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Crop residue displacement by soil inversion: Annelid responses and their impact on carbon and nitrogen dynamics in a lab-based mesocosm study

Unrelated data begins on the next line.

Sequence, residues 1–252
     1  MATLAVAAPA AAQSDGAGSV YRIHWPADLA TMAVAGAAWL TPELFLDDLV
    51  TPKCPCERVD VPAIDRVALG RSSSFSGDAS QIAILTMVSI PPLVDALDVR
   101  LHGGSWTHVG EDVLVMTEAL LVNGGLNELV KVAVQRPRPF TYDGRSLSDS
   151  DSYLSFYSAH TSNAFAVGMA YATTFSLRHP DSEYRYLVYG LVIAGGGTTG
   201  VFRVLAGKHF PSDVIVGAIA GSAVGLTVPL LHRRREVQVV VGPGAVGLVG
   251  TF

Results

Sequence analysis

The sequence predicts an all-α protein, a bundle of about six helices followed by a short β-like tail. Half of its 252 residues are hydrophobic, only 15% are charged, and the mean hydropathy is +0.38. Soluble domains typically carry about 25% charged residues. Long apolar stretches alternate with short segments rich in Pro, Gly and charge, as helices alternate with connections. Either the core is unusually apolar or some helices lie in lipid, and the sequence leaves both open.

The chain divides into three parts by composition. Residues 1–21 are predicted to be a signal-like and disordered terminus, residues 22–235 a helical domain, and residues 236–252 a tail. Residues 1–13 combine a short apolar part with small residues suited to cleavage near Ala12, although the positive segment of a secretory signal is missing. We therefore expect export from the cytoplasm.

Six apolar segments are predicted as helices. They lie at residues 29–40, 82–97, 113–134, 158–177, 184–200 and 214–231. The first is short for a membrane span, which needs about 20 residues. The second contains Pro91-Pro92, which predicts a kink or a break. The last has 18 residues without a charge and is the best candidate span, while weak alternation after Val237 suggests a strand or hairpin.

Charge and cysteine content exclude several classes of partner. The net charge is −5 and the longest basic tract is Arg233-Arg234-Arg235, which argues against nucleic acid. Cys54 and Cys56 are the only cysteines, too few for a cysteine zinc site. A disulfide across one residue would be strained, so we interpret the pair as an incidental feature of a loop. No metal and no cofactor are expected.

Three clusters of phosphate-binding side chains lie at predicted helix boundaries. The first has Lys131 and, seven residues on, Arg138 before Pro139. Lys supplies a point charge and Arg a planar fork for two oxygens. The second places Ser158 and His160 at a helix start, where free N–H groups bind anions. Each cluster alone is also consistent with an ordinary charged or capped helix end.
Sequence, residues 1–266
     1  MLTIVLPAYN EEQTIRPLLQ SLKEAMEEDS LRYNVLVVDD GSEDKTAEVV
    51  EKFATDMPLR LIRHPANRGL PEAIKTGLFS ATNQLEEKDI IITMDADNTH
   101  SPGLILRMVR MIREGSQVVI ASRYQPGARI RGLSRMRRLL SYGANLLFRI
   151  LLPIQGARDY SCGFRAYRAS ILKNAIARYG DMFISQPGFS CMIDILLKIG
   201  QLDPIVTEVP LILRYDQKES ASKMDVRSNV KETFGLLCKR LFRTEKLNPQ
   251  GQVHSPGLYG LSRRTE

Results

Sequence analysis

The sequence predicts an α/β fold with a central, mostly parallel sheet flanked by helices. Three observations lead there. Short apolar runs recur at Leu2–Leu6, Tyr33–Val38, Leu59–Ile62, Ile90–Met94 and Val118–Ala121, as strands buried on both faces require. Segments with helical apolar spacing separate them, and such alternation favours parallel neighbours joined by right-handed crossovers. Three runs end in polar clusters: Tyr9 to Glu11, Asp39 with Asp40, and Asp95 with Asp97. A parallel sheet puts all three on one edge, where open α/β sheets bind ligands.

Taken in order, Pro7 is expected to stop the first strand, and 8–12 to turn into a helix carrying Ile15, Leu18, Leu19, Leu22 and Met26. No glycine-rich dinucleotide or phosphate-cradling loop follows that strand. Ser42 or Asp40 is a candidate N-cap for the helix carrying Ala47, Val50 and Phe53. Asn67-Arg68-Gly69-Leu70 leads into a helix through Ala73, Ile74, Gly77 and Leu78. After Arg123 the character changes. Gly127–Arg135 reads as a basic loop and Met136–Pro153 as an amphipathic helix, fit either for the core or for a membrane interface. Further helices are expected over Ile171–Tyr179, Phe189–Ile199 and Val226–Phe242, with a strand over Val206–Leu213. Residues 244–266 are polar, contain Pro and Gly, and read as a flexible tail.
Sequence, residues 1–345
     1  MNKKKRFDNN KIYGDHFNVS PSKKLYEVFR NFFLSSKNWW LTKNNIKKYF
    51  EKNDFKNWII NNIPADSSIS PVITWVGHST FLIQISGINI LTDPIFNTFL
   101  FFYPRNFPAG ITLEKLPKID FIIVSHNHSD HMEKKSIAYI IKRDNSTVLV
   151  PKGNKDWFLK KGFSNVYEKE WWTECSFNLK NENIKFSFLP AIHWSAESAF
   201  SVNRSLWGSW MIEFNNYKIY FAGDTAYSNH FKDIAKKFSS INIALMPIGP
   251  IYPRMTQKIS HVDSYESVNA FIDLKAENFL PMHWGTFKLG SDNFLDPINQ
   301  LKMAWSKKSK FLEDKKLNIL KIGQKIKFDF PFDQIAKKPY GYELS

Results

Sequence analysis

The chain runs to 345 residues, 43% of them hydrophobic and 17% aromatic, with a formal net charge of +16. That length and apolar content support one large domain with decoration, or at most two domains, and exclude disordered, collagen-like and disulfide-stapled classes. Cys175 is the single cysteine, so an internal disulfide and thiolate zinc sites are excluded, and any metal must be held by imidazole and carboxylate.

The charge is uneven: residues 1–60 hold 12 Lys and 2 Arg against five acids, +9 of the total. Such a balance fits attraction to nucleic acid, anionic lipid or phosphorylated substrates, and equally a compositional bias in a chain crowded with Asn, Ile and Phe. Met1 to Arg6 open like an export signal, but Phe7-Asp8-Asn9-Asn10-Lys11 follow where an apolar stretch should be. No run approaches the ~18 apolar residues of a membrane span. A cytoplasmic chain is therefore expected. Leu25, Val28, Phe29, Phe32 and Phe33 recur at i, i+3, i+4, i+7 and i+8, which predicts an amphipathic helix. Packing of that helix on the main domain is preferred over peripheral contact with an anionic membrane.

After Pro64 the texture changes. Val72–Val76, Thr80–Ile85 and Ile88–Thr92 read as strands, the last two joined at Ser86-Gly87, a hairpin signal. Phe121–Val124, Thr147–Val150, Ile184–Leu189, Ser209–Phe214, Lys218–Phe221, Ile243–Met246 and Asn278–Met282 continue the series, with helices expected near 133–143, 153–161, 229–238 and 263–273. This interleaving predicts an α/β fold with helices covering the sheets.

In the context of sustainable agriculture, a deeper knowledge of the effects of soil management on soil annelids is needed, as they play an important role in many soil processes. In a laboratory mesocosm experiment, we compared the simulated effect of ploughing by inverting the top soil (crop residues at 15 cm depth) to a non-inversion treatment (crop residues on the soil surface) using the soil type Haplic Luvisol. We investigated the response of earthworms and enchytraeids and the consequences for microbial and chemical soil parameters. Four treatments with soil fauna were established by adding: (i) endogeic earthworms (Octolasion cyaneum), (ii) anecic earthworms (Lumbricus terrestris), (iii) a combination of two enchytraeid species (Enchytraeus crypticus and Enchytraeus christenseni) and (iv) having control columns (without annelids). Feeding behaviour of annelids was investigated using isotopic analysis (δ13C, δ15N), and chemical and microbial soil properties were measured. Carbon and nitrogen losses in the form of gas emissions (CO2, N2O) and leachate were recorded during the time of incubation. We found no interactions of soil inversion and annelid addition on chemical and microbial soil properties; these properties were closely related to crop residue placement, indicated by the effect of soil inversion between 0 and 20 cm. Below 20 cm, this effect disappeared. Here, the presence of enchytraeids enhanced soil microbial properties, regardless of soil inversion. Stimulating microbial activity and increasing soil aeration seem to be the most important factors that increase CO2-C emissions in the presence of anecic earthworms. N2O-N emissions were consistently higher (+188%) in the inverted columns. Our results show that regardless of the placement of crop residues, anecic earthworms and enchytraeids fed more on crop residue derived carbon than endogeic earthworms, while endogeic earthworms appeared to avoid feeding at the soil surface. Moreover, it was found that the inversion and the annelid effects did not interact in an experimental setting where soil inversion is carried out in a form without detracting or impairing the annelids directly.

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